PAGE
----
“Home for New Year’s,” said String Cheese Incident bassist Keith Moseley at the 1stBank Center early Saturday night. Calling it the “Hometown Throwdown,” it is the first time the band has played a Denver-area New Year’s run, and the first time the band has played New Year’s in Colorado since 1996, when they played in Telluride.
Given that the band got its start playing shows at ski areas, and that Colorado has, until recently, been low on snow, perhaps it was only fitting that the gang kicked off their hometown run with “Round the Wheel,” and its lyrics “Been waiting for the snow to fall and cover us all.” Michael Kang’s mandolin runs danced nimbly around Bill Nershi’s acoustic guitar licks, while on the mid-song jam, keyboardist Kyle Hollingsworth took over, driving the jam with equal parts funk and trance fills.
SCI really took flight on “So Far From Home.” The song has always been kind of a filler tune, but the band reworked it for this run, playing it at twice the usual speed, and Kang’s fierce, fiery, distorted electric mandolin explorations gave extra gravitas to the chorus and bridge. The song-ending jam led into a funky version of the classic “Born on the Wrong Planet,” which Nershi led with a brilliant flatpicked guitar solo.
Closing the first set with “Black Clouds” seemed to bring things full circle with “Round the Wheel,” and promised much for the second set. The mid-song jam was tight, with Kang again driving the jam. The synchronization of the flashing lights with the lyrics, “Thunder clappin in the treetops, sparks, shoot out in the night,” was a nice touch.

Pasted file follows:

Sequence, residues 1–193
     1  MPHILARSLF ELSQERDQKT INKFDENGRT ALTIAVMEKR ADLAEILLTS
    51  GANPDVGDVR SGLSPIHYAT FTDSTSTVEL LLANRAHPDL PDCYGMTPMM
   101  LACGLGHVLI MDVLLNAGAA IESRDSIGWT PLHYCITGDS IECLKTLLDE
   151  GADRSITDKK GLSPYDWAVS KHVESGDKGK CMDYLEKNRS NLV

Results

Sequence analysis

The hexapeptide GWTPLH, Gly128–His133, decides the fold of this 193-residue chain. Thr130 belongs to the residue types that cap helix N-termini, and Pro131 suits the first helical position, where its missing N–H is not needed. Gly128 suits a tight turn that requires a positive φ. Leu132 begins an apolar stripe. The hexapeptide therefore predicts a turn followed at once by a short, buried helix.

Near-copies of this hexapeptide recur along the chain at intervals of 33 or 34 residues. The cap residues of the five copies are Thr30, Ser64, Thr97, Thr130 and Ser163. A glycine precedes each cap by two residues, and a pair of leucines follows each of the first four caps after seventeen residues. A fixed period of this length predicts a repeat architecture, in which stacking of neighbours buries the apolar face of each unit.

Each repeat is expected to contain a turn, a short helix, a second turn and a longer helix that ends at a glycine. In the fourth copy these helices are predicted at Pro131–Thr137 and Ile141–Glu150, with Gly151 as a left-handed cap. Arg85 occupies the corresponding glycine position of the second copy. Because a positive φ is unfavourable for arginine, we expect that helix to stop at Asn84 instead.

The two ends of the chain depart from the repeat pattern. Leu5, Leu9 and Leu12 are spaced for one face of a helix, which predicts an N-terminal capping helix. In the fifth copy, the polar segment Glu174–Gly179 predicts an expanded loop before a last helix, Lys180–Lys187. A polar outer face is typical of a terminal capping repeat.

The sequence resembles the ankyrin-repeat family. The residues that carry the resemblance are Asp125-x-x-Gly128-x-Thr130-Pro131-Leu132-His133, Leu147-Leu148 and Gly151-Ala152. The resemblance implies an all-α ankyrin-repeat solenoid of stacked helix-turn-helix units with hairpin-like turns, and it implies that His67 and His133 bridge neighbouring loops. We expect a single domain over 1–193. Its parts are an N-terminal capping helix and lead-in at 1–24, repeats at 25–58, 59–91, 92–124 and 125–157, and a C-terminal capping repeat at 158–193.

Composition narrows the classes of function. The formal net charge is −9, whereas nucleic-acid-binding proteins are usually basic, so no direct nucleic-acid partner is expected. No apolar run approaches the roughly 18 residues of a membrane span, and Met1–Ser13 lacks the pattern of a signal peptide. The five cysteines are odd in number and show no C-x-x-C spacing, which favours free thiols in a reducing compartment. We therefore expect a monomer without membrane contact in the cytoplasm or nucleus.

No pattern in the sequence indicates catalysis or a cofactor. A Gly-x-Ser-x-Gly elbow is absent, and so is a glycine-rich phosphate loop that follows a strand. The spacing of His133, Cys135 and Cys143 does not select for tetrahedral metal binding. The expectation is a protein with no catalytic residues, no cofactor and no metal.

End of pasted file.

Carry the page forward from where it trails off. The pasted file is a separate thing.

With String Cheese, a show can often be about riding out the valleys for the incredible peaks. The second set was a good example. After a long setbreak, the band returned with the intricate “Rollover,” which has multiple parts that seem like a strung-together jam. Instead of rolling into the last chorus, Nershi turned the jam toward a fierce “On the Road,” which kicked the second set into high gear.
However, the next two songs, especially “Give Me the Love,” dragged, and it wasn’t until Moseley’s bass bounced out the first few notes of “Jellyfish” that the set really took off. Nershi’s acoustic strumming had a flange effect added to further stress the roots of the hangover-inspired song.
As the last notes of the jam faded away, Kang launched into the opening riff of Led Zeppelin’s “Kashmir,” eliciting a roar from the crowd. Cheese has never shied from trying out classic rock songs, though they have had mixed results, such as the band’s too trancey take on Rush’s “Tom Sawyer.” The Zeppelin cover was much better, except for the thankfully brief foray into dubstep at the end, with the weight of Moseley’s bass playing shaking the rafters at the 1stBank Center. The lighting engineer had fun by flashing an image of a stack of bass speakers on the screen behind the band.
After a long, rave-like take on the instrumental “Rivertrance,” Kang brought the second set full circle, making it seem like each set was its own story, by driving a mandolin jam out of “Sirens” into the final chorus of a joyous “Rollover.”
The show closed with a quick foray to the band’s bluegrass roots, with a fun take on the classic tune “Rolling in My Sweet Baby’s Arms.”
Set 1: Round the Wheel, Sometimes A River, Yo Se, So Far From Home > Born on the Wrong Planet, Betray the Dark, Close Your Eyes, Black Clouds
Set 2: Rollover > On the Road, Give Me The Love, Eye Know Why, Jellyfish > Kashmir > Rivertrance, Sirens > Rollover
Encore: Time Alive, Rolling In My Sweet Baby’s Arms